Most Americans learn about the Holocaust and the rise of Hitler’s National Socialist German Workers Party (or the “Nazis” as most of us know them) somewhere around junior or senior high school. We watch movies like Schindler’s List or Sophie’s Choice and the Holocaust becomes almost fictional, so it’s often hard to believe it really happened. Here in America we don’t have any experience with Nazi Germany or anything to compare it to. We hear the stories and watch the movies and we think that something like that could never happen here. We wonder how a political party could possibly have that much influence over its citizens, and how those citizens could allow the atrocities committed against so many of their fellow citizens.
Fast-forward to America today with the COVID-19 pandemic. We can’t buy essentials, the shelves in the stores are empty more often than not. Stores are now being banned from selling nonessential items. Millions are out of work and relying on government-funded unemployment to survive. The economy has nearly come to a standstill. We are told to stay at home, with many communities fining individuals for walking on the beach or sitting alone in their cars to watch a sunset. Neighbors are calling the police to report each other’s violations of stay-at-home or social distancing orders. We are classified by our government as essential or non-essential workers and our ability to travel is linked to that designation.
I live in a small mountain community in Colorado, a heavily Republican-leaning county. I am classified as an essential employee of an essential business. I have been given paperwork by the state that certifies me as essential and allows me to travel freely for work. This paperwork has a paragraph stating that it is voluntary and not the result of any state order. However, keep in mind that people are being fined for sitting in cars alone or walking alone on beaches.
In 1938, all Jewish people living in Germany were forced to surrender their passports. These passports were returned only after the letter J was stamped on them. All Jewish people were required to identify themselves in a way that clearly identified them as Jewish. Identity cards that showed their heritage were to be carried at all times and individuals could be stopped at any time and asked for identification. Jewish citizens were eventually required to wear yellow Stars of David on their clothing to identify them. In Hungary, ghettos were set up for Jews who would eventually be taken to concentration camps. The houses in the ghettos were marked with yellow stars on the doors.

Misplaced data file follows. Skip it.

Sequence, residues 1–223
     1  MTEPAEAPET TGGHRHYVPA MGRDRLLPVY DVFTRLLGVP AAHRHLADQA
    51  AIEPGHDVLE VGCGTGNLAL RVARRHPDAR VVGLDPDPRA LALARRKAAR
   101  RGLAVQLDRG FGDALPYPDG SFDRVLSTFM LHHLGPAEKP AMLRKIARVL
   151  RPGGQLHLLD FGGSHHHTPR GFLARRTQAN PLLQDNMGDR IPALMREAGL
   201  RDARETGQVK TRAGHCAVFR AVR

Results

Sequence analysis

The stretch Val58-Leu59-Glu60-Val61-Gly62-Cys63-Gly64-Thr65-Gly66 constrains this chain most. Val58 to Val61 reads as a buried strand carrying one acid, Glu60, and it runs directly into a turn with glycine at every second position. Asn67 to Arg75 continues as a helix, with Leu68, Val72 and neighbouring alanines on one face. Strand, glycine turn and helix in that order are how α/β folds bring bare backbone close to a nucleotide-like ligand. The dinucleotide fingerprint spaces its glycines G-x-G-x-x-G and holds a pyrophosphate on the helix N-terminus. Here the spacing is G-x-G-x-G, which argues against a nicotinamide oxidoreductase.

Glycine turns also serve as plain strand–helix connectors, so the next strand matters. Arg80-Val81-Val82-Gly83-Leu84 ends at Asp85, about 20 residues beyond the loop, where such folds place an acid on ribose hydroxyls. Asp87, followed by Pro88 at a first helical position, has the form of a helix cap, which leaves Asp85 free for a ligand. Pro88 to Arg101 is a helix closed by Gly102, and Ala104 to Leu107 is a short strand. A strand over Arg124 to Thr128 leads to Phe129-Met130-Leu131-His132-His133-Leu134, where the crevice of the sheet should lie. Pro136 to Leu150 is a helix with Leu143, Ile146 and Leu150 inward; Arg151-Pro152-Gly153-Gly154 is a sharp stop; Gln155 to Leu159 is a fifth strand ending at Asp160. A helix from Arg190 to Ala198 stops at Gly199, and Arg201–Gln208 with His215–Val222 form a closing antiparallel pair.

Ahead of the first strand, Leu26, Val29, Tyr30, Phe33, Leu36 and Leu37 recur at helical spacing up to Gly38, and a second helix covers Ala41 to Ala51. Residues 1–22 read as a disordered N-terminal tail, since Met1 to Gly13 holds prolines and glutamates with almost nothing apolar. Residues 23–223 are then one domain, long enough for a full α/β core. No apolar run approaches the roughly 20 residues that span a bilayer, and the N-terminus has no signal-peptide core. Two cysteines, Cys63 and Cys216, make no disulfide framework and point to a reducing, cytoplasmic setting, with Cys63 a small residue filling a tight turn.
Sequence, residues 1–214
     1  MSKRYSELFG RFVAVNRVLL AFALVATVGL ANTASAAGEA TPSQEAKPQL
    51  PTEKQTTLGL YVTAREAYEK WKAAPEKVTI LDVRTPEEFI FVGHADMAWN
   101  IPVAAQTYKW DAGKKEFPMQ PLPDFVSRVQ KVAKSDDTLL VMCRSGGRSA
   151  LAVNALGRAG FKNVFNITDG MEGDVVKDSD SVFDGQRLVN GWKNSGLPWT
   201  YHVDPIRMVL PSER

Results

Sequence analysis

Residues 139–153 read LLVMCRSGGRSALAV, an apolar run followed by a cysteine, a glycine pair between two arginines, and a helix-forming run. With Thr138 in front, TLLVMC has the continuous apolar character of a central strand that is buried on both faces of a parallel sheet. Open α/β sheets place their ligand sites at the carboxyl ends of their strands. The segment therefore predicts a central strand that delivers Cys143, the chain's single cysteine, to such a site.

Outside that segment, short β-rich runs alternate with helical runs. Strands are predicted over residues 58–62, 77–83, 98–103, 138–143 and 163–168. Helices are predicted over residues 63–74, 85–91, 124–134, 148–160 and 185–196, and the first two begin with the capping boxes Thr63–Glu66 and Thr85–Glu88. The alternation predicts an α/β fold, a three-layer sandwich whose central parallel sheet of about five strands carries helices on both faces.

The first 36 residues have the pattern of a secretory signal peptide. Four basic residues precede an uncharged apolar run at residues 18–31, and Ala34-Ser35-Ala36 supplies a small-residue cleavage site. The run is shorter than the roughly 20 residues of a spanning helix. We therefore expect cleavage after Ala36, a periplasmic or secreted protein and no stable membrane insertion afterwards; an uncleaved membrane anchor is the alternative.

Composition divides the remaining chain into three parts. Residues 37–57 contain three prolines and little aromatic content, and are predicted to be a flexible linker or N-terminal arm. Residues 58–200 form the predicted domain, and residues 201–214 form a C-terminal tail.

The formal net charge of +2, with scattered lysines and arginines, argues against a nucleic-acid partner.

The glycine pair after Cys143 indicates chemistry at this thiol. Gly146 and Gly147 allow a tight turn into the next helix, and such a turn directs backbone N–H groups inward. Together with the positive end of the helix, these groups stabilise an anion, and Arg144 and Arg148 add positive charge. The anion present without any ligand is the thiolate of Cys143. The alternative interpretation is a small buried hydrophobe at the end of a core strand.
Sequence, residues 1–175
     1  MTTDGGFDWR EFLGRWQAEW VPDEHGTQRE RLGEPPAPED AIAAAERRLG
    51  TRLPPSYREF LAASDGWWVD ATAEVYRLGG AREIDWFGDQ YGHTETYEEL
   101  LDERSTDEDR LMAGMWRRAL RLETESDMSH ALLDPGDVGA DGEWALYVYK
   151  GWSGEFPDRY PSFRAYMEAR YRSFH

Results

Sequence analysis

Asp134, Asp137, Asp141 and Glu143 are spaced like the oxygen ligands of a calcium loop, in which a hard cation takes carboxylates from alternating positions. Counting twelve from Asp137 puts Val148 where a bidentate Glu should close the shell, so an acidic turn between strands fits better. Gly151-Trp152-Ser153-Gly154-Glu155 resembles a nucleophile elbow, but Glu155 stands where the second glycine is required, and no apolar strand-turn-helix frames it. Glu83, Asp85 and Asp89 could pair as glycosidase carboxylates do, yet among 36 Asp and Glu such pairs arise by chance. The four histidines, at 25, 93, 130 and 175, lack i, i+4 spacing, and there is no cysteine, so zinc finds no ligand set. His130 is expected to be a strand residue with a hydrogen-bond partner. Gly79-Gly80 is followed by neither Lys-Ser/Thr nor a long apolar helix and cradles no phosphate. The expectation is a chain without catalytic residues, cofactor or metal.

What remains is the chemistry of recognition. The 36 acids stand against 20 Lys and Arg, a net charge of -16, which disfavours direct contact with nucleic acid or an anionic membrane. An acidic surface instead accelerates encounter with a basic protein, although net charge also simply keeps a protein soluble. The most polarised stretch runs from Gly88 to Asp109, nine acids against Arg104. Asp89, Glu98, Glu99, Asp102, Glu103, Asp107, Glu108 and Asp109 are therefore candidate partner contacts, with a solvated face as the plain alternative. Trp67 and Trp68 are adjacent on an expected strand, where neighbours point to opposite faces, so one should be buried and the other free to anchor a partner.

Here in my small county, where we currently have 12 confirmed cases of COVID-19, our sheriff has asked people in the county to put red or green paper in the front windows of their homes to identify whether or not someone is sick. This too is strictly voluntary, but many will comply.
So here we are, carrying our paperwork in case we are stopped while traveling, marking our homes, and reporting each other for possible violations.
Meanwhile in Idaho, Ammon Bundy, known for leading the standoff at an Oregon wildlife preserve, is holding meetings in defiance of his state’s stay-at-home order. The right to assemble is a constitutionally protected right. He is breaking no law with these meetings, and everyone attending is there of their own choice. The media however paints a different picture. In their version he is endangering the public, he is a threat and a danger to society, and many Americans share that sentiment. Just as they are reporting their neighbors for exercising outside, many now believe exercising one’s constitutional rights is also unacceptable.
As the Jewish people did in Germany, and much of Nazi-controlled Europe, we agree to carry our papers, and mark our homes. We face persecution for everyday activities, and we report each other for doing those once-typical activities. Worst of all, most of us do so willingly. It’s for our safety and the safety of others after all.
So far the death rate from the coronavirus is small, certainly smaller than the toll the disease has taken on us as Americans, neighbors and human beings. It’s unlikely that we will see concentration camps or people being loaded into cattle cars, but it is important to note the power of herd mentality, and humans typically like to follow the herd.
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